SAD, meanwhile, relates mostly to the physiological and psychological impacts of the change in daylight hours between winter and summer and typically manifests in lethargy or sleep cycle disruptions as your body produces more melatonin — the so-called sleep hormone — than needed. (Bright light or sunlight suppresses the output of melatonin.) For most people this results in a phenomenon known as “dragging ass.”
But it’s also possible that Pittsburghers can be experiencing some combination of both Vitamin D deficiency and SAD.
“The closer you are to the equator, the less likely you are to have SAD,” Swanson added.
“Florida is one percent SAD. In New England or Alaska it’s 9 percent. Scandinavia has an even higher incidence of SAD. Pittsburgh is between New England and Florida and is probably closer to 7 percent.”
In a study of 147 Pittsburgh-area adults between the ages of 18 and 65 during the winters of 2011 and 2012, Pitt researchers asked about sleep patterns and wagered that about 750,000 people in the Pittsburgh metro area suffer from some form of seasonal affective disorder.
Swanson said this number seems wildly inflated to him, although his 7 percent figure, when extrapolated, would still mean that more than 160,000 people in the metro area are impacted — and that’s a lot.
With numbers like that, it was only a matter of time before the free market responded with these lamps, something called “SAD herbs” and a bevy of other products designed to help you escape the season-induced doldrums. In Norway and Scandinavia, home to some of the darkest winters on earth, The Atlantic reports giant mirrors, light-therapy clinics, and even positive thinking have been used in an attempt to overcome seasonal depression.
(Swanson said the lamps can work. SAD herbs? Not so much.)
Video: Norway – Seasonal Affective Disorder via AP
But the most likely scenario for Pittsburghers remains Vitamin D deficiency, according to Swanson. In fact, it’s believed to be so common in places like this that some insurers have begun to refuse to cover the costs of testing, believing it’s safe — and also cheaper — to assume a patient is deficient and to treat them accordingly.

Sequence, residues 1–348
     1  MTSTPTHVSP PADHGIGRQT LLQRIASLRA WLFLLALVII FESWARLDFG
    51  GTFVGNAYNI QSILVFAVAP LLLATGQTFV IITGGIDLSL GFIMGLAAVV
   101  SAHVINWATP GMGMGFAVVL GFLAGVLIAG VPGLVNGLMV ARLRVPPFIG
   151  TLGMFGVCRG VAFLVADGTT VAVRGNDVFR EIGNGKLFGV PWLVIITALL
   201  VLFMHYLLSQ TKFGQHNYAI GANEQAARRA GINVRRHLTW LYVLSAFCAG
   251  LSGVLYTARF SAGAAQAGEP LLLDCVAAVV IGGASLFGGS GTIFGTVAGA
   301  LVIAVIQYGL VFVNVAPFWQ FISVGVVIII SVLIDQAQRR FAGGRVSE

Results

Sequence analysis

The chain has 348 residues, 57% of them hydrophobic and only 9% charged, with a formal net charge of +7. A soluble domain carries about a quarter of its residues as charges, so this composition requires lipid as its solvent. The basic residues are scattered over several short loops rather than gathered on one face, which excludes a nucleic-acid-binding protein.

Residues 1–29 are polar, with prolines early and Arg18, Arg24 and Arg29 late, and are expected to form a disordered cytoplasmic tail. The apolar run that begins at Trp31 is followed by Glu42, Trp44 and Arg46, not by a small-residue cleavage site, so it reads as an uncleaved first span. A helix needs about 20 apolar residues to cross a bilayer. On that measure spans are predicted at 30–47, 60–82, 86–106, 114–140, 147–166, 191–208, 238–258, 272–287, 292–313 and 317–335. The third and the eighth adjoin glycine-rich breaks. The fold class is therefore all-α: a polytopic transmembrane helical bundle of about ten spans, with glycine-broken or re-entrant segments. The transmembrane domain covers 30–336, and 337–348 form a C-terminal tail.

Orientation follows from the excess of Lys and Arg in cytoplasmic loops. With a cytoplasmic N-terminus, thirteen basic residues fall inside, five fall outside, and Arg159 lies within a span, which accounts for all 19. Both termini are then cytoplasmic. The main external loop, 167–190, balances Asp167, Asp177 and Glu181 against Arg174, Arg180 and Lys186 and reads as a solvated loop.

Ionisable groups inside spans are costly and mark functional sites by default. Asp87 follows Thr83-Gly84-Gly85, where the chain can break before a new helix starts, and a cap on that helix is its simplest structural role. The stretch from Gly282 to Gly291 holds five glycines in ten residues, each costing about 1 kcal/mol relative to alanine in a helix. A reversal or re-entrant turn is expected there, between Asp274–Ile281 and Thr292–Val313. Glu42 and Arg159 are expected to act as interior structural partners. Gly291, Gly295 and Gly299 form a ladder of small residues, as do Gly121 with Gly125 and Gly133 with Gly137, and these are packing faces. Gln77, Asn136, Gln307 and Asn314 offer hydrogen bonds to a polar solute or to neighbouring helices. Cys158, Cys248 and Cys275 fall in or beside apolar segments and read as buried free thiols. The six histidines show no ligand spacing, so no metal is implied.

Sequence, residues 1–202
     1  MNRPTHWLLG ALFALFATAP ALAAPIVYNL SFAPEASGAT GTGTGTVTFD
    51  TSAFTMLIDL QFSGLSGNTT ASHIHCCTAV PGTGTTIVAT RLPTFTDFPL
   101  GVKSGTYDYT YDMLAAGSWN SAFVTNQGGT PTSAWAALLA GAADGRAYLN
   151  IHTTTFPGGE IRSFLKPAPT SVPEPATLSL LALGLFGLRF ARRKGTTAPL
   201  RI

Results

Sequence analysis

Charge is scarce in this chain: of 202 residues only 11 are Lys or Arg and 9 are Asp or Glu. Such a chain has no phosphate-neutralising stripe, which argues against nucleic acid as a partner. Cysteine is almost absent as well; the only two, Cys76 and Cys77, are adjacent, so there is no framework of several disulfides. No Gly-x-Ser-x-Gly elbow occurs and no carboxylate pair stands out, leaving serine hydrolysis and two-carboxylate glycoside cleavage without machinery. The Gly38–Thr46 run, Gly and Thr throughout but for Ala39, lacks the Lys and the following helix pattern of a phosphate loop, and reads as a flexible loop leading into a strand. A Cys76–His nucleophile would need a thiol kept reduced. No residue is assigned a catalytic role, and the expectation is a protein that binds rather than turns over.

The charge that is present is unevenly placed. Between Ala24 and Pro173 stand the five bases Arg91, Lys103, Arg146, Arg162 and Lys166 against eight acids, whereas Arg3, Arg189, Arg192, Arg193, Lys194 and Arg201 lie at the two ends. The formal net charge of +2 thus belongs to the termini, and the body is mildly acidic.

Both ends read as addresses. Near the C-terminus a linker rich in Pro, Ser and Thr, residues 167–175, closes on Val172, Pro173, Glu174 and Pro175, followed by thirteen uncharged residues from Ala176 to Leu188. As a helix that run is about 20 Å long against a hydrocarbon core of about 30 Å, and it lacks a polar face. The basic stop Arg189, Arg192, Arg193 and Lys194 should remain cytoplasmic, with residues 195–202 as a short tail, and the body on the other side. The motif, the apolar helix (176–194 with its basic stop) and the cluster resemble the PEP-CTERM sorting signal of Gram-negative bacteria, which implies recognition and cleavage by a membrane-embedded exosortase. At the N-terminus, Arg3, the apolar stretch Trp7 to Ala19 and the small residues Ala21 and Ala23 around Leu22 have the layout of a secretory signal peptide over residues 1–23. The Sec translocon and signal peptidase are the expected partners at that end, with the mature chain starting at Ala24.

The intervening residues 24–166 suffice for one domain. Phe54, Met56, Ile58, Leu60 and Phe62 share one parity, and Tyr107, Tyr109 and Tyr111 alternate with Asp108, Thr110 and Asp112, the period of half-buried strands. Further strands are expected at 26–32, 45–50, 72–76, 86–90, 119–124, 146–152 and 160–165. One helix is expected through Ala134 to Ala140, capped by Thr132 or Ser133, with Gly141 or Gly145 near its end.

So what can be done about it?
Well, you can start by taking a Vitamin D supplement and spending more time outside when it’s reasonable to do so.
When it comes to treating SAD, you can also scam your system.
“There are ways to trick your body into thinking the sun is up longer than it is,” Swanson said.
“You can take a vacation to Florida. If you go in January when it’s darkest, you can trick your body into thinking it’s spring again.”
Swanson said he’s had patients see results from trips like these but admits the evidence is, at least for now, largely anecdotal.
“Most of my patients said a day won’t do and that a week or more is best,” he added.
For those unable to make the trip to a sun-drenched surrogate city, there are also over-the-counter and prescription remedies, if need be.
The upside to all of this is that blah weather is better than terrifying weather, I’m sure we can agree, and Pittsburgh’s dreariness coincides with a lower chance of tornadoes and hurricanes than seen in other less-dreary places.
But weather has real impacts on our lives even absent calamity. Pittsburgh may be proof.